Green Corner: Live-streaming marks climate-change events

With presidential elections forthcoming in 2016, a large number of politicized issues are being discussed frequently in conjunction with candidate campaigns. One of these is crucial and deserves bi-partisan attention: climate change. Having an alarming and continuous impact on every citizen globally, climate change is an environmentally devastating issue which must be addressed, and therefore it is extremely important that college students educate themselves and get engaged with this topic.
In the midst of these election preparations and issue discussions, the United Nations will be hosting a conference in Paris to discuss climate change and work on an effective global approach to minimizing further human impact on the planet. This event will run from Nov. 30 to Dec. 11, with live streaming on the U.N. Web TV website (webtv.un.org).
While past climate conferences have largely failed in their ability to produce real commitments, and more so in their enforcement of them, this meeting is calling for a different method of action. Each of the nations involved is asked to bring its own document of intentions, called an Intended Nationally Determined Contribution, or INDC. By formulating individualized benchmarks and agreements, the goal is to develop a more attainable U.N. plan of action. Over 120 submissions have already been proposed and are publicly available on the website for the U.N. Framework Convention on Climate Change.
As a student, there is much you can do to be engaged in the process. As in any other political or social issue, the first step is to inform yourself on the relevant issues, and to seek out the answers to related questions. Reading these documents is a great way to become an informed climate-change advocate, by seeing how each country is making commitments and understanding how to move forward with more conscious actions. Other opportunities for education and action exist, with the prevalence of online petitions and the ability to get involved in more personal ways. Students can even bring these topics into the classroom, as sustainability and solutions to climate change are interdisciplinary, and academic discussions of these topics are always useful.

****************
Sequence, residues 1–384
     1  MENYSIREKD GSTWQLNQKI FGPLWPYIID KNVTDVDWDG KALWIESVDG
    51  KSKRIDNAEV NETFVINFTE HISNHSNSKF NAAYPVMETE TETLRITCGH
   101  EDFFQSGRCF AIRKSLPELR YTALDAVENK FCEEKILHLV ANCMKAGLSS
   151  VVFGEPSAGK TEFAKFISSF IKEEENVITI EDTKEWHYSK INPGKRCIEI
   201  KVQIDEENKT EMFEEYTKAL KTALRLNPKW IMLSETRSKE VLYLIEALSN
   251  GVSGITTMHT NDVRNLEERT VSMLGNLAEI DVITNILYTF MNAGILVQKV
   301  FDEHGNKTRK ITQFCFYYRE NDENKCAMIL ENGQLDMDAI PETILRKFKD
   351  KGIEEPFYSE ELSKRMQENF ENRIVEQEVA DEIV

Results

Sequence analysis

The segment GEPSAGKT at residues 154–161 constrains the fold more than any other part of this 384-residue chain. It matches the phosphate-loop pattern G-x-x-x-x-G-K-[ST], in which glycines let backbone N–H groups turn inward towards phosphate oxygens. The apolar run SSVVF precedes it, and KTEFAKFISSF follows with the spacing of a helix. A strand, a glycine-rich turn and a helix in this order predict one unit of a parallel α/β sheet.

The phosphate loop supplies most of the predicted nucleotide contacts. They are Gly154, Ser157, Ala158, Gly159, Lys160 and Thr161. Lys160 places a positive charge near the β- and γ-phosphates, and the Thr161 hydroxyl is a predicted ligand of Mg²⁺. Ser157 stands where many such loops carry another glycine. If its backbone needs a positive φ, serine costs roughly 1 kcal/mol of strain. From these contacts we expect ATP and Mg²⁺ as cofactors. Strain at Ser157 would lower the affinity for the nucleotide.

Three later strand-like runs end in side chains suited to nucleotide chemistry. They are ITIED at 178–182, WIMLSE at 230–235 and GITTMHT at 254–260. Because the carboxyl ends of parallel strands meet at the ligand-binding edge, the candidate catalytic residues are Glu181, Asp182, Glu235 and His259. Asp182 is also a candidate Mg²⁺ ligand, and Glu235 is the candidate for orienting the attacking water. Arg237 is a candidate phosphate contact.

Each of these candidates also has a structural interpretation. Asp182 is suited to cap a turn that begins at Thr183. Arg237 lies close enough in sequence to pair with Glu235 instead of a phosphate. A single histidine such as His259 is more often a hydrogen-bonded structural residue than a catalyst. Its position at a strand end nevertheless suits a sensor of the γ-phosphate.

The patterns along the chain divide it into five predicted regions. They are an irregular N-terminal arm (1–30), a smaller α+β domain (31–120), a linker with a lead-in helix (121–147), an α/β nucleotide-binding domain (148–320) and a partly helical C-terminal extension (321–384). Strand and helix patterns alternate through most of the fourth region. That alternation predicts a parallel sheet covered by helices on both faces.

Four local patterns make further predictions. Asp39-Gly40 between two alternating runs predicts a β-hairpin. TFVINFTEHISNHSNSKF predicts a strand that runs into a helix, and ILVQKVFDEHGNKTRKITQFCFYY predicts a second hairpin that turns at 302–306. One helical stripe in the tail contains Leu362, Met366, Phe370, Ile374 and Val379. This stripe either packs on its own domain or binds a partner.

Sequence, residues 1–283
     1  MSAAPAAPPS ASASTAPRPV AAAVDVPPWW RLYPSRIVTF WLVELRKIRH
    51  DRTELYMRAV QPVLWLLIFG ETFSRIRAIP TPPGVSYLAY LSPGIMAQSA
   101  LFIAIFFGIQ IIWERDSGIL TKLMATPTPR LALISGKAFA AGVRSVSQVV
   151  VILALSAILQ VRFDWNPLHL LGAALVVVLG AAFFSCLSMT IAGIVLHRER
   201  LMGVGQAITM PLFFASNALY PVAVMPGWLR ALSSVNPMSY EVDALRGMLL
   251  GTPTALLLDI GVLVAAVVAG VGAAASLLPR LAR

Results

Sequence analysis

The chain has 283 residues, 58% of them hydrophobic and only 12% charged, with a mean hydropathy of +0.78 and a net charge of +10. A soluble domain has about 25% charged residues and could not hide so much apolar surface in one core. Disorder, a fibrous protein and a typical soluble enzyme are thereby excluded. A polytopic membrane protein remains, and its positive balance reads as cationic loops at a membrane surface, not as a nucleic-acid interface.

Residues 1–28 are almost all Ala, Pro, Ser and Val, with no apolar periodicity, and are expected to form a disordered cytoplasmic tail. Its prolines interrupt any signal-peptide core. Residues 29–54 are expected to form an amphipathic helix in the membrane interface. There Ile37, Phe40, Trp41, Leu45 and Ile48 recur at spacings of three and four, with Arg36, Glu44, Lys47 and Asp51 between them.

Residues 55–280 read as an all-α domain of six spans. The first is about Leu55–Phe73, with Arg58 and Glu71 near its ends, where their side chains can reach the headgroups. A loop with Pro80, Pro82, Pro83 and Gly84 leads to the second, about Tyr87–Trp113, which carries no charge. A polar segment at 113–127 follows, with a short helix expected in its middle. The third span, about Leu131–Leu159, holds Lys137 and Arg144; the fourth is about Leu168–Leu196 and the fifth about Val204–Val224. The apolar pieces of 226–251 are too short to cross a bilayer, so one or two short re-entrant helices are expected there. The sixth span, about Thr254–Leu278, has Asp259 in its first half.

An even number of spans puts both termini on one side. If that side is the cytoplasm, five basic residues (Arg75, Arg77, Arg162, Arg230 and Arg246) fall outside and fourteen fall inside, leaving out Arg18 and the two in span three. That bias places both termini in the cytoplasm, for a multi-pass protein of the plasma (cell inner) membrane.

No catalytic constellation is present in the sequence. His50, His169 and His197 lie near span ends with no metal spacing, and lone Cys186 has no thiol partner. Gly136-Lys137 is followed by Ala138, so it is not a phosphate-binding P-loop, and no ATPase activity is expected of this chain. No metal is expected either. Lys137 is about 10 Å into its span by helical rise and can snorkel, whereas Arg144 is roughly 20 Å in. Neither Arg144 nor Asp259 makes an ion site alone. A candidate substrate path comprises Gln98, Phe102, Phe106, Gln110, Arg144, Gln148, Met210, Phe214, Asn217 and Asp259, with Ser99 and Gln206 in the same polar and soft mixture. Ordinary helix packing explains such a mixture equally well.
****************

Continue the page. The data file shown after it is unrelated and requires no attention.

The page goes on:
Another way to stay informed while on campus is via initiatives like the Climate Reality Project’s annual 24 Hours of Reality event. This live broadcast on Nov. 13 and 14 aims to create 24 straight hours of media coverage on climate change and related science, in the face of constant neglect of this topic by major news sources. Every three hours, the broadcast will move to a new global region, with presentations in eight different nations. This coverage culminates with the final hours live from Paris and led by Climate Reality founder Al Gore himself.
Between the hours of 6 p.m. and 9 p.m., presentations, musical guests, and special appearances will be taking place in the eastern United States. The Office of Sustainability invites you to tune in at any time at 24hoursofreality.org or join us for a watch party. We will be live-streaming these hours in the Ziegler second floor lounge on Friday, Nov. 13, where we will have discussions, snacks and more.

—Lexi Reynolds
Lawrenceville Eco Rep
Printed in the 11/11/15 issue.

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